Babies are born with brand new lungs, muscles, and brains. Sometimes, their little bodies need a little time to get into synch. If babies sleep too deeply, they may get too hot or too cold or they may not wake when they need move their muscles or to get a little more air. This does not mean that babies should wake up all the time. After the first 6 weeks (when almost anything goes), most babies will settle down and sleep 3- to 4-hour stretches. As they get older and their bodies mature, they will sleep even longer.

But..."I Need My Sleep"...
Now that I've given you so much bad news, what can I say to reassure my bleary-eyed readers? I can tell you that all the sleep deprivation is directly supporting the health and development of your wonderful new baby. I can also tell you, that this time passes and before you know it, your baby will be a child, a teen, and suddenly, an adult. You won't believe me, but you'll miss these early months (well, maybe not those first 6 weeks). Meanwhile, rest when you can, even sitting quietly can be helpful. Get as much help as you can with household chores and other responsibilities. Most people love to help new moms.

Just one more thing! Sometimes interrupted sleep can be so stressful that parents may find that they can't think clearly. When we are very tired, the normal checks and balances in our brains don't always work the way they should. If you ever find yourself feeling upset or angry with your baby for waking you up (again!), make sure you take the time to get yourself fully awake before you pick up your baby. Splash some water on your face, have a drink of water, and then care for your baby. When you're awake, you'll be much more likely to make good decisions. If you find that you are often angry or having trouble controlling your emotions, get some help. It is important for you and your baby that you get help. Talk to your doctor or a trusted friend or family member. There are many people who will understand your feelings; you are not alone.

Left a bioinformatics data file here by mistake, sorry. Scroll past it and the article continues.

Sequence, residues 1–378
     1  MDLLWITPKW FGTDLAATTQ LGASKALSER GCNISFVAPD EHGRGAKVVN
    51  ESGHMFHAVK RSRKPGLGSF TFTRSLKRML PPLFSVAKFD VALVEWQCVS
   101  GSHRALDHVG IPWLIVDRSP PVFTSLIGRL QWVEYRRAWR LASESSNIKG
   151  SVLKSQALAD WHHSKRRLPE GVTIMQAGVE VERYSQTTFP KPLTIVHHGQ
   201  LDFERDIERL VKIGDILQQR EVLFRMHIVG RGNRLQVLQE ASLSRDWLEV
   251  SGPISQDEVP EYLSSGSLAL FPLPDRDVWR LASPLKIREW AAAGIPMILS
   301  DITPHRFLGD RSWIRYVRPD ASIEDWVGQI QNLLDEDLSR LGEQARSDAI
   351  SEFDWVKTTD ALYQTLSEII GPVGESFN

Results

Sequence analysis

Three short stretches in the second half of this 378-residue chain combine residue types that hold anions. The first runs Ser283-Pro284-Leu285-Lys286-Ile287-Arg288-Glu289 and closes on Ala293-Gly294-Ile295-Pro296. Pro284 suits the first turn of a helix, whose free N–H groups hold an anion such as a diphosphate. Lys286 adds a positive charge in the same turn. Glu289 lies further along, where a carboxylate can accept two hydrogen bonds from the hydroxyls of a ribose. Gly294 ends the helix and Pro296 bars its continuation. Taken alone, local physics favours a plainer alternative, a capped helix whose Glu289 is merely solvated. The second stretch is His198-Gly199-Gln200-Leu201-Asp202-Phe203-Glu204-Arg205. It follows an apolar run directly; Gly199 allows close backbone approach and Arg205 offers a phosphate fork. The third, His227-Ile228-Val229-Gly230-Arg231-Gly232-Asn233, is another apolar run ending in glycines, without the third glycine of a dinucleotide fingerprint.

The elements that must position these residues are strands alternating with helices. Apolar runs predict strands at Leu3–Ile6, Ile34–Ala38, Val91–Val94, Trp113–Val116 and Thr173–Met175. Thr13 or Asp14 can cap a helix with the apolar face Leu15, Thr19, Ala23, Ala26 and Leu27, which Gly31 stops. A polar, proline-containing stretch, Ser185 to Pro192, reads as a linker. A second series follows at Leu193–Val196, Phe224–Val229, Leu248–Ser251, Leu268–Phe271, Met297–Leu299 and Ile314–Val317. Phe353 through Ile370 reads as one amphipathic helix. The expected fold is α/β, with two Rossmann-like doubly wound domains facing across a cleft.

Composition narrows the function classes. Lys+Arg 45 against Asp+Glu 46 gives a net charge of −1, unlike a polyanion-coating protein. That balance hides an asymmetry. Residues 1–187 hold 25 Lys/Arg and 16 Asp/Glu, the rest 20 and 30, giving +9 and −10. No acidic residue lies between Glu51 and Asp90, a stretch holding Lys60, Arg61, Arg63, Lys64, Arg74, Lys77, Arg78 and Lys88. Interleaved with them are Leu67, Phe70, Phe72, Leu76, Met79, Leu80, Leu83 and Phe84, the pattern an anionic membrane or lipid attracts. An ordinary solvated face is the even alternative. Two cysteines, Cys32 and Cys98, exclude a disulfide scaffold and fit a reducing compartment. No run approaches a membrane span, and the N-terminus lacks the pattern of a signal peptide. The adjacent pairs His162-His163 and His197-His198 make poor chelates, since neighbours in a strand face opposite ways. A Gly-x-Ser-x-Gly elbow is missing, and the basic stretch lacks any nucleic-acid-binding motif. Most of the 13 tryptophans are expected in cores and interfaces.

Sweet Dreams!

Next time: Baby Behavior Basics Part 2: The Many Moods of Babies

Tuesday, June 16, 2009

Not Rocket Science

Understanding babies isn't rocket science. If it was, human beings never would have survived as a species. As a new parent, you may be thinking, if it isn't hard to figure out what my baby needs, why do I feel so lost? Maybe your baby seems to be fine one minute and screaming the next. Maybe you are wondering how much longer your baby will keep waking up at night. Maybe you wish you knew the secrets that other parents seem to know, especially those parents with the "good" babies who seem so happy all the time. Maybe you've already read magazines and books and bought toys, bags, chairs, slings, videos, and anything else that promises to keep your baby happy. Yet, sometimes your baby is not happy; sometimes the crying and the sleepless nights seem endless.

Parenting is a tough job and sadly, much of the wisdom and support that struggling parents used to get from their own familes has been lost. Expectations for how babies should behave have been distorted by idealized media versions of "perfect" babies and their well-coifed, well-dressed mothers who get rid of their "baby weight" in the first week after their babies are born.

It's time to use a little common sense and readjust our thinking. We can learn a lot from babies and the wonderful research that has been done about them over the last 30 years. In this blog, you'll hear from moms who have been in the trenches (and in the classroom), who understand what you are going through and what your baby is trying to tell you. We look forward to sharing our knowledge and experience with you and we hope that you'll share your ideas and questions with us.